When people are looking through books you only have one chance to get their attention, which is why your title and tagline need to be powerful enough to stop them in their tracks. And that’s just as applicable whether your book is in a “bricks-and-mortar” store, or on an online retail website.

A classic mistake many new authors make is to promise too much in the title, only for readers to be disappointed in the reality. Some cynics might snicker and say “who cares – once they’ve bought it, I’ve got the money,” but that can come crashing back down around their ears. Why?

Book reviews

If purchasers are unhappy about under-delivery they will scamper over to Amazon and other platforms faster than you can say “p*ss-poor value” and write stinking reviews warning potential purchasers not to bother with your book.

That is a very hard blow to recover from, especially as you can’t remove reviews from Amazon or other publications unless you can prove that they are malicious or fake. So make sure your title is honest and that your book lives up to its promise.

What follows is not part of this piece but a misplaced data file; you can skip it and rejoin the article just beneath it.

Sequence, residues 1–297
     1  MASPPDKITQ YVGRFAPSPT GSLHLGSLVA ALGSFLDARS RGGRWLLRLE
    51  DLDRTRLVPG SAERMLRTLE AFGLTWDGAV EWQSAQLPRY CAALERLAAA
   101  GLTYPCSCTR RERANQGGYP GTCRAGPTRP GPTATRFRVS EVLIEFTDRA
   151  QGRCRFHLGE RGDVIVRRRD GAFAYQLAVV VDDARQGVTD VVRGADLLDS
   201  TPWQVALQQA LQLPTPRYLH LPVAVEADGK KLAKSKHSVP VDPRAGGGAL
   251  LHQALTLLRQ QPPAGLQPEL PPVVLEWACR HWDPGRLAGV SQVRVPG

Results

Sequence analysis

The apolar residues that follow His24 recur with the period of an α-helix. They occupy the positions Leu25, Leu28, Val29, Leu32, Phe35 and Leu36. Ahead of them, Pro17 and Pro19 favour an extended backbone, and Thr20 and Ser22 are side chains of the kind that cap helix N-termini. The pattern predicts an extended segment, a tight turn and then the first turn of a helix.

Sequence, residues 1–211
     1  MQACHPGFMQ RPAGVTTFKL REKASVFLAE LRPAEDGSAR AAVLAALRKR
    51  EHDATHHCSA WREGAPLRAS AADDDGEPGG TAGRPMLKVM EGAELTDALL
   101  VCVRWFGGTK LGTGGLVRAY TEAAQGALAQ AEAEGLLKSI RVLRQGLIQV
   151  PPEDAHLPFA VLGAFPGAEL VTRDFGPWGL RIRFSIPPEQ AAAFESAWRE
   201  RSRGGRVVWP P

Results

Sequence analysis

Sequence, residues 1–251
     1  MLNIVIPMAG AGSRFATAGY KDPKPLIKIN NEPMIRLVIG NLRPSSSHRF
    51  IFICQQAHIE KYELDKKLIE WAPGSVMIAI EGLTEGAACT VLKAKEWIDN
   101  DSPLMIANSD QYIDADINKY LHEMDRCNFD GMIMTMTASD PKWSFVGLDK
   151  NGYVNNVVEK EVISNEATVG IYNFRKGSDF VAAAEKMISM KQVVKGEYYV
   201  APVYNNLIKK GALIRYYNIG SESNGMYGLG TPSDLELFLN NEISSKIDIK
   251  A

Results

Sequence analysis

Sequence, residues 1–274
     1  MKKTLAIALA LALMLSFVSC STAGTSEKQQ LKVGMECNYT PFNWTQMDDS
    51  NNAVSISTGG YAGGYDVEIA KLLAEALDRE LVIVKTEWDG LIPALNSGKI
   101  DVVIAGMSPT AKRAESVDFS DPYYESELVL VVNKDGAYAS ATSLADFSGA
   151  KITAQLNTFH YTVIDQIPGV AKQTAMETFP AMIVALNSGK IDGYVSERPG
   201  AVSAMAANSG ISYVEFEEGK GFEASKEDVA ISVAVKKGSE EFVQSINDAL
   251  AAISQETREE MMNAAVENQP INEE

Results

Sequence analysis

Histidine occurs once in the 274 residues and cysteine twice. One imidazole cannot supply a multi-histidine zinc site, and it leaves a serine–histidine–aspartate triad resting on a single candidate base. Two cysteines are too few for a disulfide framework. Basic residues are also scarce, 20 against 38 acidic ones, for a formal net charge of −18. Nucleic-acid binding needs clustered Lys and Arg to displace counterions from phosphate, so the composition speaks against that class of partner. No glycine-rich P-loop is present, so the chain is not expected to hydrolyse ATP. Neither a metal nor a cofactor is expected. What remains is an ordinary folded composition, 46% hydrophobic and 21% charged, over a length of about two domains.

The title’s SEO appeal

As we know, a key consideration that has become a very Big Deal is creating a title that’s found easily by search engines, either within an online sales site like Amazon or Barnes & Noble, or on one of the general search engines like Google, Yahoo, Bing, DuckDuckGo, etc. Search engine optimisation (SEO) is a science in itself, but essentially you should ensure your title contains the most obvious words someone would key into a search box when looking for a book like yours.

Titles must be SEO-friendly and WIIFM-friendly
Book cover design: key tips to make yours work

As it says, no bullsh*t.

My book How To Write Brilliant Business Blogs hasn’t got the most exciting title in the world, but the search engines like it. At the same time it promises a strong benefit to readers: they seem to like it, too. (It sells well!)